On the Evolution of Word Order
Idan Rejwan | Avi Caciularu
Proceedings of the Student Research Workshop Associated with RANLP 2021
Most natural languages have a predominant or fixed word order. For example in English the word order is usually Subject-Verb-Object. This work attempts to explain this phenomenon as well as other typological findings regarding word order from a functional perspective. In particular, we examine whether fixed word order provides a functional advantage, explaining why these languages are prevalent. To this end, we consider an evolutionary model of language and demonstrate, both theoretically and using genetic algorithms, that a language with a fixed word order is optimal. We also show that adding information to the sentence, such as case markers and noun-verb distinction, reduces the need for fixed word order, in accordance with the typological findings.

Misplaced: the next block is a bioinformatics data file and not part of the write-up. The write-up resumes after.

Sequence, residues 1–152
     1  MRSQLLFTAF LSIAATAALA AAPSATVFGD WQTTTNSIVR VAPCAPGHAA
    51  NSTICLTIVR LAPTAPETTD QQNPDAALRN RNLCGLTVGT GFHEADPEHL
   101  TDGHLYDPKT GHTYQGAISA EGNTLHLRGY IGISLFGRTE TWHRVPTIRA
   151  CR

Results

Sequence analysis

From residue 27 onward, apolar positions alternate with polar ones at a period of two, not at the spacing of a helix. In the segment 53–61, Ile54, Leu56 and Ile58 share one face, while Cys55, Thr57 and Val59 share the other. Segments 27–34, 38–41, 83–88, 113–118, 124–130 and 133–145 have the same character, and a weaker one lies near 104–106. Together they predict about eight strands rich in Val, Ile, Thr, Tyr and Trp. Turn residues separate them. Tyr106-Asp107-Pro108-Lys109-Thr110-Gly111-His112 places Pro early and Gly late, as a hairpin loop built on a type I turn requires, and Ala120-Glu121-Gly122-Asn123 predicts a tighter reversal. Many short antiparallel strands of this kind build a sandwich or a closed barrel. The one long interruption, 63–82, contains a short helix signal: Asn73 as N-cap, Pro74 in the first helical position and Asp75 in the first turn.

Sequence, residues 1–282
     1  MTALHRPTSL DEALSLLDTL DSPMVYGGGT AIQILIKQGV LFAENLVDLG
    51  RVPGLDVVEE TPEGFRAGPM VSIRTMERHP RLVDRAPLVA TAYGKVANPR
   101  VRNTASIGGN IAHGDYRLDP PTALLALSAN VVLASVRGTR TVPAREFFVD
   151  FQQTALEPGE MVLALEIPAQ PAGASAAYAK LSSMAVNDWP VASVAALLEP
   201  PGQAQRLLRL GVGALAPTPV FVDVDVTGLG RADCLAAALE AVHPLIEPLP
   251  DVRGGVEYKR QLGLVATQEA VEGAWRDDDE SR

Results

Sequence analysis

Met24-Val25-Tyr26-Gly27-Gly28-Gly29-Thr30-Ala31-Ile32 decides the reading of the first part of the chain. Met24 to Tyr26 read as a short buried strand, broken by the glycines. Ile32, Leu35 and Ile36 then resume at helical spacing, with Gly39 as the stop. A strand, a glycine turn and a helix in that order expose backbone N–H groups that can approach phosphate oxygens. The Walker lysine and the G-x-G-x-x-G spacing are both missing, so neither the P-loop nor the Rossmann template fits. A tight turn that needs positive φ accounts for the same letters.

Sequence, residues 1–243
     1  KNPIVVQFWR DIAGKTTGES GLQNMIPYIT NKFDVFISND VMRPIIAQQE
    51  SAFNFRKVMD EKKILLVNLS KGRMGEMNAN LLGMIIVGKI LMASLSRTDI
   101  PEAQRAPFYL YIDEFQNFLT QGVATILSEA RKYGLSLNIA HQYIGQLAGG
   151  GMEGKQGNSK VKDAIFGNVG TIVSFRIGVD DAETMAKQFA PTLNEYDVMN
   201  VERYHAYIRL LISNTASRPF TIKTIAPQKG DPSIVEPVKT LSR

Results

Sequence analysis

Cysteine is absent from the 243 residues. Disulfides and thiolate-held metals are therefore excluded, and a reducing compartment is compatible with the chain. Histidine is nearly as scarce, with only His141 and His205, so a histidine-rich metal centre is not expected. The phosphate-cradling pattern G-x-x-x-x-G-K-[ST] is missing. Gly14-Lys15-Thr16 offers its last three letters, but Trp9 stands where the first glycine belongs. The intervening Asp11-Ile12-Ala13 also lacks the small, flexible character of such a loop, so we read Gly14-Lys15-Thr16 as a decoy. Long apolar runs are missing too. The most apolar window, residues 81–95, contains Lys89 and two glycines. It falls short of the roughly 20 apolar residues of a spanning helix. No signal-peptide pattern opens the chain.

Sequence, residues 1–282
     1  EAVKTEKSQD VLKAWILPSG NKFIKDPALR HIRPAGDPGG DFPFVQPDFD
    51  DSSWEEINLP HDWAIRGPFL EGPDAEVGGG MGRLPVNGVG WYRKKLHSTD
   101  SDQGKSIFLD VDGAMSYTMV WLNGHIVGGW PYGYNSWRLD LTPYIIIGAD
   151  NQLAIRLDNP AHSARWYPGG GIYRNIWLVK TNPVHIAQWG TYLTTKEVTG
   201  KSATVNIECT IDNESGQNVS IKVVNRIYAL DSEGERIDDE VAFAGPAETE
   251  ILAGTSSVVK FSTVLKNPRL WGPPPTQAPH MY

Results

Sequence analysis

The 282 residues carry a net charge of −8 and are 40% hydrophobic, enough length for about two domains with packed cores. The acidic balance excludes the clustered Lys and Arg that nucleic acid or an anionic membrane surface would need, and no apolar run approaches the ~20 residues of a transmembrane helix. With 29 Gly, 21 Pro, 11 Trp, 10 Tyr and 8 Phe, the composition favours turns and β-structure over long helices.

Bayesian Hierarchical Words Representation Learning
Oren Barkan | Idan Rejwan | Avi Caciularu | Noam Koenigstein
Proceedings of the 58th Annual Meeting of the Association for Computational Linguistics
This paper presents the Bayesian Hierarchical Words Representation (BHWR) learning algorithm. BHWR facilitates Variational Bayes word representation learning combined with semantic taxonomy modeling via hierarchical priors. By propagating relevant information between related words, BHWR utilizes the taxonomy to improve the quality of such representations. Evaluation of several linguistic datasets demonstrates the advantages of BHWR over suitable alternatives that facilitate Bayesian modeling with or without semantic priors. Finally, we further show that BHWR produces better representations for rare words.